Could The Chatty Café Concept Revolutionise Your Business?

 In Coffee News

If you’ve been feeling as though your business is in something of a rut and needs shaking up a bit, you might want to start looking into Chatty Café, a scheme created by one Alexandra Hoskyn in Manchester that’s designed to connect people from different walks of life who are keen to make new friends and spark up new conversations.

Speaking to ITV News, Ms Hoskyn explained that she believes technology has most likely led to people having fewer conversations in person but research shows that connections are really important for mental health and wellbeing, contributing to your overall levels of happiness.

If you pop into a Costa Coffee in the near future, you could well come across one of Ms Hoskyn’s Chatter and Natter tables, as more than 300 branches will be taking part in the scheme nationwide.

Apparently, the idea for Chatty Café came on a wet and horrible day as Ms Hoskyn was sat in a café in a supermarket with her baby son who, she admits, wasn’t the best company aged just four months. Looking around, she spotted an elderly lady who looked just as fed up as her, as well as a young man with additional needs who was there with his support worker.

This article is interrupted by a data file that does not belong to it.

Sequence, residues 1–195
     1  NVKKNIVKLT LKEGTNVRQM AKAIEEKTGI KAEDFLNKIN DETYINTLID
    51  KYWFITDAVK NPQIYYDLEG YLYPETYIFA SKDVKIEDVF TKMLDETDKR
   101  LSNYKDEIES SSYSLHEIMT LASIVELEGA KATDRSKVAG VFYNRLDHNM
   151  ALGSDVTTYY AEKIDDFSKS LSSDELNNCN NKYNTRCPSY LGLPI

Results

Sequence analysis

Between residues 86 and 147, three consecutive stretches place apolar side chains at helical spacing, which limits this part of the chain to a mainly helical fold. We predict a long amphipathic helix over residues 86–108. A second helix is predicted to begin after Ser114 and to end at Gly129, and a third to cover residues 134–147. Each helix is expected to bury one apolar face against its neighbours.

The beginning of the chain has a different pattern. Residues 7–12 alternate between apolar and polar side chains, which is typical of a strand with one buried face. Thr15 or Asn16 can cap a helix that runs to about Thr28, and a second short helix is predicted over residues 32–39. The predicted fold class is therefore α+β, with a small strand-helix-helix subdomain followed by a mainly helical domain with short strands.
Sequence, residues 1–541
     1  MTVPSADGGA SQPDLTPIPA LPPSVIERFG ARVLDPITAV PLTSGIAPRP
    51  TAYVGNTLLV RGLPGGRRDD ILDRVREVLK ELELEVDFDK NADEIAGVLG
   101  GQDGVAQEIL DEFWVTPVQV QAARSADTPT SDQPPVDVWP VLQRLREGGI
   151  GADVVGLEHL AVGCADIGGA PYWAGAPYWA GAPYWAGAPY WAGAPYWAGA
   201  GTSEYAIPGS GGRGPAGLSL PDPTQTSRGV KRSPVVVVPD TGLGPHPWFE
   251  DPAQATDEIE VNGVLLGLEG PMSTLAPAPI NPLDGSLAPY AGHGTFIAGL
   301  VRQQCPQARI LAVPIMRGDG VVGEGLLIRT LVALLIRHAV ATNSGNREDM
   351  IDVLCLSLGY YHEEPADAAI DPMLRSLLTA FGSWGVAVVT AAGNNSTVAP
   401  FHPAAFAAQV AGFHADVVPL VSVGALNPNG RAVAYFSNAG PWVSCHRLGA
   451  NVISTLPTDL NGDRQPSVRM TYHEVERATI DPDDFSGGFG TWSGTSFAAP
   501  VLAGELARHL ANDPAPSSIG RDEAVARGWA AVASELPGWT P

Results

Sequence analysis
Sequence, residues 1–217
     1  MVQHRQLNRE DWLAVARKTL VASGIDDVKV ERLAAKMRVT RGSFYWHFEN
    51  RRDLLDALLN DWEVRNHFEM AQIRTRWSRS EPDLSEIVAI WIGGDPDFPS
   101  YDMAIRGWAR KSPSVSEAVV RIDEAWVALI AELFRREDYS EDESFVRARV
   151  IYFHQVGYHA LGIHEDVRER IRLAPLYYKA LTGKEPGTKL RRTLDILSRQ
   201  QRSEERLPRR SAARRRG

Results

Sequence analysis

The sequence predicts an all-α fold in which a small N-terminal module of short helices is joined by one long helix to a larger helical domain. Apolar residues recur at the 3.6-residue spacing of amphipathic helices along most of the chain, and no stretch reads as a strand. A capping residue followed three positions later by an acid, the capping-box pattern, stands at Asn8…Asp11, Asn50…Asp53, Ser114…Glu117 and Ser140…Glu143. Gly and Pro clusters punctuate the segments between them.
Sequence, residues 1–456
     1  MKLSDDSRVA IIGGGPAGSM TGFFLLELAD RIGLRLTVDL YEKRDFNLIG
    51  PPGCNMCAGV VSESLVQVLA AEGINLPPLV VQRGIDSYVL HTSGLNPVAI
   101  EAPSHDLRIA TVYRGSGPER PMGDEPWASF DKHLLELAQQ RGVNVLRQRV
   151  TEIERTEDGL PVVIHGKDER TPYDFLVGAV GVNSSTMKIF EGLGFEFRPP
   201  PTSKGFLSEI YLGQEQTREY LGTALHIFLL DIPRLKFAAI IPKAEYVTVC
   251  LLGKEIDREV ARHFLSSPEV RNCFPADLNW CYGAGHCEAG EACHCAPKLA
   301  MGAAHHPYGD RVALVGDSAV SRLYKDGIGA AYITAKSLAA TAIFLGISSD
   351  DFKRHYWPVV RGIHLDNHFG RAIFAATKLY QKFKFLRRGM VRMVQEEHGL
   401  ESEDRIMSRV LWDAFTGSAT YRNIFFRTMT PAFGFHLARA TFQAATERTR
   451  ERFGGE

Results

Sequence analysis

This got her to thinking about the positive impact all of them could have on one another if only they could sit together and have a little chat.

The idea behind the Chatter & Natter table isn’t about building friendships but just about focusing on simple interactions that can combat loneliness and perhaps have a big impact on someone’s day.

Announcing the news that Costa Coffee has become the first and only UK chain to adopt this scheme on a national scale so far, head of sustainability Victoria Moorhouse said: “It is clear from our research that although we appear to be talking less as a nation, there’s a real desire for people to actually have more face-to-face conversations around the country.

“Our coffee shops have always played an important role within communities; acting as a hub for people to meet, spend time together and most importantly, talk. With loneliness and social isolation on the rise, feeling part of a community is more important than ever.”

A Costa Coffee study found that there are regional differences in conversation habits, with Brighton emerging as the chattiest city in the UK – with 14 face-to-face conversations a day on average compared to the national average of ten.

Birmingham, meanwhile, is the shyest city, with 73 per cent hesitant to talk to strangers. Sheffield has the least confident conversationalists, with 20 per cent avoiding starting chats with strangers because they don’t think they’re interesting enough.

As for actual conversation starters, the top topics were the weather, the immediate surroundings, the local area, asking how someone is doing, the news, sport, asking what someone does for a living, music, asking where people live and asking what they did at the weekend.

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